*Conducted orientation for over 25 young adults for Kaiser Permanente Summer Internship Program
*Voted Manteca Bulletin “2016 Readers Choice Award” for Community Organization, Non-Profit Organization, Tutoring
Organization and Community Event
*Arranged to move Traina School tutoring program in Tracy to Villalovoz School. Working on new site at Wanda Hirsch School
*Five or our After School sites began major renovation (Golden West, Shasta, Sequoia, Lathrop and Lincoln)
*Produced first ever healthy recipe book that was distributed to all families in the after school program, over 1,000
*Students served: 4,044

>Long time CEO, Carol Davis announces retirement, effective December 31, 2016
>Christina Keefhaver named new CEO
>STEM Summer Camps served 244 students at Banta, French Camp, Sequoia and Ripon Schools
>Health Summer Day Camps served 77 students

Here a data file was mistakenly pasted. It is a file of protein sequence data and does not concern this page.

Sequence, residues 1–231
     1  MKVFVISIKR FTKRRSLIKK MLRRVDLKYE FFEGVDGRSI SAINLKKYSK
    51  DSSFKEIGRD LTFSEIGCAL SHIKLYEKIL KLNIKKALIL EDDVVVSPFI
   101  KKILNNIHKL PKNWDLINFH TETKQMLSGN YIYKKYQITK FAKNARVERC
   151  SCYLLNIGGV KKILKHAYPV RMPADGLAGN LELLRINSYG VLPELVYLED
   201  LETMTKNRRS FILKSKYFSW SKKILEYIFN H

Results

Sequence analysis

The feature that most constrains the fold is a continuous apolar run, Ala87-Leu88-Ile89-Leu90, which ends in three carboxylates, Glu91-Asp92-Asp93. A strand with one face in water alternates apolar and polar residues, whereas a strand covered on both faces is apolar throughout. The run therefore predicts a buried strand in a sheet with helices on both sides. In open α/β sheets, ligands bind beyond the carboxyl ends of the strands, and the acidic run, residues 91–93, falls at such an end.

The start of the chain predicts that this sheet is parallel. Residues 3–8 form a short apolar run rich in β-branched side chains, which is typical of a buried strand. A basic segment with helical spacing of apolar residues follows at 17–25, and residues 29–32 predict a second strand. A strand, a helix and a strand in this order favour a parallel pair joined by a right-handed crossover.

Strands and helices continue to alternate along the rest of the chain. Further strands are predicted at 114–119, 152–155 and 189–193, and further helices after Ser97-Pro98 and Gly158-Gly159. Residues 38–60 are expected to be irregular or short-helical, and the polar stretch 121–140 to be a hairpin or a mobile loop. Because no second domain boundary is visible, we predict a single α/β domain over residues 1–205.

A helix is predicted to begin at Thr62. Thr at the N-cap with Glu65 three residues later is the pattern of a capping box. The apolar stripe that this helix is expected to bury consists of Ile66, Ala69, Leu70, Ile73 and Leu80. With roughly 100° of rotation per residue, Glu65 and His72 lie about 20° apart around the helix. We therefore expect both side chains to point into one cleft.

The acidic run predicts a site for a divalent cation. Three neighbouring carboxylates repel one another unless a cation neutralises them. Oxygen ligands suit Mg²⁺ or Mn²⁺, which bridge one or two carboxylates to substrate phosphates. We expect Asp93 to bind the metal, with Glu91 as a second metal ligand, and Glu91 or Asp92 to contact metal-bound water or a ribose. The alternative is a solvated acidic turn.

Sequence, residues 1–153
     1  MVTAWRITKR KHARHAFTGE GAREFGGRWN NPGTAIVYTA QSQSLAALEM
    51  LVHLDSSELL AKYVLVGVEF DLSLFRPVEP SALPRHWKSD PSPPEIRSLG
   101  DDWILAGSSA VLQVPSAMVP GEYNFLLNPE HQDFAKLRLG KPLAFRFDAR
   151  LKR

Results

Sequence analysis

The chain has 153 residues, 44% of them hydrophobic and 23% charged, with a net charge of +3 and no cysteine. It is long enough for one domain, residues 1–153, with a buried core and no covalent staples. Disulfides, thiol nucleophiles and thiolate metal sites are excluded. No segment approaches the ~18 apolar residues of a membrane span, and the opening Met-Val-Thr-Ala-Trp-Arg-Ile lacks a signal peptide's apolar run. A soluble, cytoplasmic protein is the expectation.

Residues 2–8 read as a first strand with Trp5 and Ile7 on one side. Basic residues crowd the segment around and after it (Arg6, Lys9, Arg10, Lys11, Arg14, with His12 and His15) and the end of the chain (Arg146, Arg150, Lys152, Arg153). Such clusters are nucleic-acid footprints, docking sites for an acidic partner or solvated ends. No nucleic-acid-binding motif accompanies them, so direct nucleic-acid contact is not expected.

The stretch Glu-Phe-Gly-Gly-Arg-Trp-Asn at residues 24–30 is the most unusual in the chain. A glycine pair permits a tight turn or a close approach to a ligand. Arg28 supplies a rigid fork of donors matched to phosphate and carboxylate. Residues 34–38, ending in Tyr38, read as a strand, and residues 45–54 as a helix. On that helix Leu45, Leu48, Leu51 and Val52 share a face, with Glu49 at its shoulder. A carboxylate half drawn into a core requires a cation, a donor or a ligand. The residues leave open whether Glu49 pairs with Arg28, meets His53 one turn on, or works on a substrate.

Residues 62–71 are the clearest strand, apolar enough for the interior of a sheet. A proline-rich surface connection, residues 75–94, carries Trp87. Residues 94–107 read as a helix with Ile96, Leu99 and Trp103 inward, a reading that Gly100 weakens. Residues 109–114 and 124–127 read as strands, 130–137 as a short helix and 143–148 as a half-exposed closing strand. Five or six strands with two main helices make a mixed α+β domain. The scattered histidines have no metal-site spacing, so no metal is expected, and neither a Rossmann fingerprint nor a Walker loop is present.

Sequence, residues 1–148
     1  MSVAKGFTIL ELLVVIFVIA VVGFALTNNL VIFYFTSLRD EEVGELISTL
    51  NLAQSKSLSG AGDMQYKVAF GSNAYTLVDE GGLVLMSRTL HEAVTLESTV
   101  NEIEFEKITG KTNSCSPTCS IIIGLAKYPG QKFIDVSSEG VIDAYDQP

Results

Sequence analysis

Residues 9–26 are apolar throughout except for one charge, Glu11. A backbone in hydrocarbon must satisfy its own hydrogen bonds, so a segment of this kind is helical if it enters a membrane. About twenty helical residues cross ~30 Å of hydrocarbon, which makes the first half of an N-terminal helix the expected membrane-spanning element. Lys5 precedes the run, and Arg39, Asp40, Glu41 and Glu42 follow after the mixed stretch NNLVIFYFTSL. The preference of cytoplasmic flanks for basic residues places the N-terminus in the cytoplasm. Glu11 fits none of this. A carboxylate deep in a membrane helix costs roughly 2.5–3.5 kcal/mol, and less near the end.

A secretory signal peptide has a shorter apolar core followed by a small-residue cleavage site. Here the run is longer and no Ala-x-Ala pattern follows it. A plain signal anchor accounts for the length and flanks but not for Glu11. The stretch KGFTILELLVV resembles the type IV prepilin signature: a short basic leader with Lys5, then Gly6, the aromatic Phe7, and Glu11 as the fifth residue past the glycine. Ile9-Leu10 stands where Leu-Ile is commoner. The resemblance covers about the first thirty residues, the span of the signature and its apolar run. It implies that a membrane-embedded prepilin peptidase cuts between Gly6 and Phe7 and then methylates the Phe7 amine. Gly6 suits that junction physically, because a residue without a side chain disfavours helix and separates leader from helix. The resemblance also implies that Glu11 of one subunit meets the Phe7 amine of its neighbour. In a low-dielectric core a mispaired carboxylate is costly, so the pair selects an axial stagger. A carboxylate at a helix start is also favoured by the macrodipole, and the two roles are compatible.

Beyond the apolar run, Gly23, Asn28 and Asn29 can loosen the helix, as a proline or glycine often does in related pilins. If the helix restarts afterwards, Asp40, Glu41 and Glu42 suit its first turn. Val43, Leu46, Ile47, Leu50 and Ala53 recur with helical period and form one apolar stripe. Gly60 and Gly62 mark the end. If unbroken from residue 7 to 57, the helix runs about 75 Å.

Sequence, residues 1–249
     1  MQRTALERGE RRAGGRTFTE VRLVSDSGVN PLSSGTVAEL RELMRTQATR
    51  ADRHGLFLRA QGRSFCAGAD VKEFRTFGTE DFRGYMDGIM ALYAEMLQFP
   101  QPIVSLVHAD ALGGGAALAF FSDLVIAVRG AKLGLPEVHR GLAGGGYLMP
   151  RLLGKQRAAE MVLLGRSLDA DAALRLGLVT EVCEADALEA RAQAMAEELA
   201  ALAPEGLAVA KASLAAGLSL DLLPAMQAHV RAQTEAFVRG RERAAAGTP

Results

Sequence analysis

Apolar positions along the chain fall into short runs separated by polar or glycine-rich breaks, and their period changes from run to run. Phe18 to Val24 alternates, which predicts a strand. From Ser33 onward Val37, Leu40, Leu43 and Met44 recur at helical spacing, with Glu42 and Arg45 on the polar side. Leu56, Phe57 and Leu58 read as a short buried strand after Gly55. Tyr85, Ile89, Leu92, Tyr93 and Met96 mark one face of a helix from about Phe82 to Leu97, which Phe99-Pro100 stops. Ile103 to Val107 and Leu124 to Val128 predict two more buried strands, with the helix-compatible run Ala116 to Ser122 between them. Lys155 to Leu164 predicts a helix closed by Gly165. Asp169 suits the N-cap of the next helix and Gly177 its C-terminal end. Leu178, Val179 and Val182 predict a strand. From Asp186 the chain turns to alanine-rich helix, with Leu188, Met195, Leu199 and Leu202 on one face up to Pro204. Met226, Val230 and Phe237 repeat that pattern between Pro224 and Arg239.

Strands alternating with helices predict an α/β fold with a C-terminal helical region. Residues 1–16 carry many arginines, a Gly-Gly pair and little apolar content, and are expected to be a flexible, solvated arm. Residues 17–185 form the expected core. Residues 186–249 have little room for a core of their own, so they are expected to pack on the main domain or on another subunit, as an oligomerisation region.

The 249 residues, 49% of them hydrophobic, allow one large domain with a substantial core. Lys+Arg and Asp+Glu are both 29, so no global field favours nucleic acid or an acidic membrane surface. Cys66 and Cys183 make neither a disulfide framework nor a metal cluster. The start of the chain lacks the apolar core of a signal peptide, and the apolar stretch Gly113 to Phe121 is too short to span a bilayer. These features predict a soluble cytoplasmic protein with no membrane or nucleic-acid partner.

>Completed Blender Bike Recipe Book Volume II
>Conducted summer program in Weston Ranch
>Conducted orientation for 32 young adults for Kaiser Permanente Summer Internship Program
>Received funding from Sutter Health to re-establish Teen Summit
>Conducted STEM rocketry program and first ever rocket launch at Banta School
>Started a running club at Banta School
>Distributed a record 10 college scholarships to GECAC volunteers

*GECAC celebrated our 20th anniversary
*Started 3 additional running clubs at various sites
*Opened tutoring site at Tracy Family Resource & Referral Center
*Started student ran farmers markets to benefit running clubs
*Started “High Five” employee recognition program
*Hosted our first Family STEM Night at Shasta School
*Conducted our first Family Wellness Night at Nile Garden School
*Conducted our first Annual Tracy Bowl-a-thon